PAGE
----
Correlational finding on Happiness and subject: House owned or rented

StudyRuprah (2010): study ZZ Latin America 1997
TitleDoes Owning Your Home Make You Happier? Impact Evidence from Latin America.
SourceWorking Paper OVE/WP-02-10, Inter-American Development Bank, 2010, Washington DC, USA
URLHTTP://ideas.repec.org/p/idb/ovewps/0210.html
Public18+ aged, general public, Latin America, 1997-2007
SampleProbability systematic sample
Non-Response
Respondents N =147446

Correlate
Author's labelHomeownership
Page in Source 8
Our classificationHouse owned or rented
Operationalization
1: Yes
0: No

Observed Relation with Happiness
Happiness
Measure
StatisticsElaboration/Remarks
C-BW-c-sq-l-11-cOLRC=+.07 p < .01
OLRC controlled for:
- GDP per capita
- country
- years
- size of city
- socio-demographic characteristics
  - age
  - gender
  - education
  - marital status
  - employment status
  - economic situation

Comparison with matched group of non-homeowners 
(propensity score appoarch), suggests that the 
causality runs from home-ownership to happiness.

The impact results are robust to possible 
influences of non-observables.
The results hold in meta-impact approach, that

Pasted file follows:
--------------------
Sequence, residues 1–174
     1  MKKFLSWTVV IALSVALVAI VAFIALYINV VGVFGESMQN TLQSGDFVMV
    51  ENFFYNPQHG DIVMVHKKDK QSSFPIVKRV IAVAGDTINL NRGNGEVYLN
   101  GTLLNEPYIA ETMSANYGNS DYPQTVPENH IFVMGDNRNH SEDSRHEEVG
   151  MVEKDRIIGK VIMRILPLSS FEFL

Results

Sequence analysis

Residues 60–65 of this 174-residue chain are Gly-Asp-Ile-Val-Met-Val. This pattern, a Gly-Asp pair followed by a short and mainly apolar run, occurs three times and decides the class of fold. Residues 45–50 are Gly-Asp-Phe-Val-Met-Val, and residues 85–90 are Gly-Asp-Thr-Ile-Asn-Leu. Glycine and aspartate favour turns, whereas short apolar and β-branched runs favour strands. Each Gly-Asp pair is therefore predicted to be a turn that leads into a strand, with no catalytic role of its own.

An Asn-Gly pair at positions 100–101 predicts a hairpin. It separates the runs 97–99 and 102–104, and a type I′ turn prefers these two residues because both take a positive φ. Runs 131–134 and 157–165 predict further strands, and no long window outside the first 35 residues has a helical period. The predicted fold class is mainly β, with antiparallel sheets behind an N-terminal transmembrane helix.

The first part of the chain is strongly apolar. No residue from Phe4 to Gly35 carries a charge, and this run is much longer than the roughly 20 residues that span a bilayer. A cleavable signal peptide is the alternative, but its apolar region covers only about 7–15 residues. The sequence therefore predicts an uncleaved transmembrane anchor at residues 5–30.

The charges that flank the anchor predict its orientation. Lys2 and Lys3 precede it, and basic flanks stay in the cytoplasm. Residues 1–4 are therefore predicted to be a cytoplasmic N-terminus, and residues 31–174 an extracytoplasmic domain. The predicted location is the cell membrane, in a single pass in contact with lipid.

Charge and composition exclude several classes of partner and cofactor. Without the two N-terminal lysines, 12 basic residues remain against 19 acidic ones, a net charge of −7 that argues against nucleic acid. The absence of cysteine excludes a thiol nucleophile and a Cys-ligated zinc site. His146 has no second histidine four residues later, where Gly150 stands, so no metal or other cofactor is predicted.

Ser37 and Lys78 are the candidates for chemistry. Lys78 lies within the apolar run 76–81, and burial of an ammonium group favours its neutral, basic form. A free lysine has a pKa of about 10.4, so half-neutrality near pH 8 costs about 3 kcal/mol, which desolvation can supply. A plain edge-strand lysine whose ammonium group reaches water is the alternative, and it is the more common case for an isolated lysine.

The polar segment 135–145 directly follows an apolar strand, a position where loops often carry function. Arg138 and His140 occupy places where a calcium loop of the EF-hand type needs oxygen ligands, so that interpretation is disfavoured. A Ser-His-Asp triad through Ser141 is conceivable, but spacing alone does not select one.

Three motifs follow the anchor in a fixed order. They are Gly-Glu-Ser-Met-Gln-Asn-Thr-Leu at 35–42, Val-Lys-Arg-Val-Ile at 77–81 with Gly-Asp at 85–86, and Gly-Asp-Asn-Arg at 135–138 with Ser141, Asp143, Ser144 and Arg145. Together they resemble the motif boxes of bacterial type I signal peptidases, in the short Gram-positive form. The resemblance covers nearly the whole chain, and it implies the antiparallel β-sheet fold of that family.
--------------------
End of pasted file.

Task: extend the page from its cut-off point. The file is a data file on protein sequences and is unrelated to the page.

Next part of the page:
uses impact calculations at individual country 
level.


Appendix 1: Happiness measures used
CodeFull Text
C-BW-c-sq-l-11-cSelfreport on single question:

Here is ladder representing the 'ladder of life'. Let's suppose the top of the ladder represents the best possible life for you; and the bottom, the worst possible life for you. On which step of the ladder do you feel you personally stand at the present time?
10 best possible
9
8
7
6
5
4
3
2
1
0 worst possible life

This question was followed (not preceded) by items on life 5 years ago and 5 years from now.


Appendix 2: Statistics used
SymbolExplanation
OLRCOLRC: Regression coefficient in ordered categorical logistic regression.
Only the sign of the computed coefficient is informative.

Happiness is an ordered categorical variable. Higher categories correspond to being happier.

OLRC < 0 indicates that the odds of being beyond a chosen happiness category-to- be-ing at or below that category decreases when

1) the corresponding metric correlate increases
2) the corresponding category of a categorical correlate is compared to the reference category.

OLRC > 0 indicates an increase in the odds for both the above cases.
Source:
Ruut Veenhoven, World Database of Happiness, Collection of Correlational Findings, Erasmus University Rotterdam.
https://worlddatabaseofhappiness.eur.nl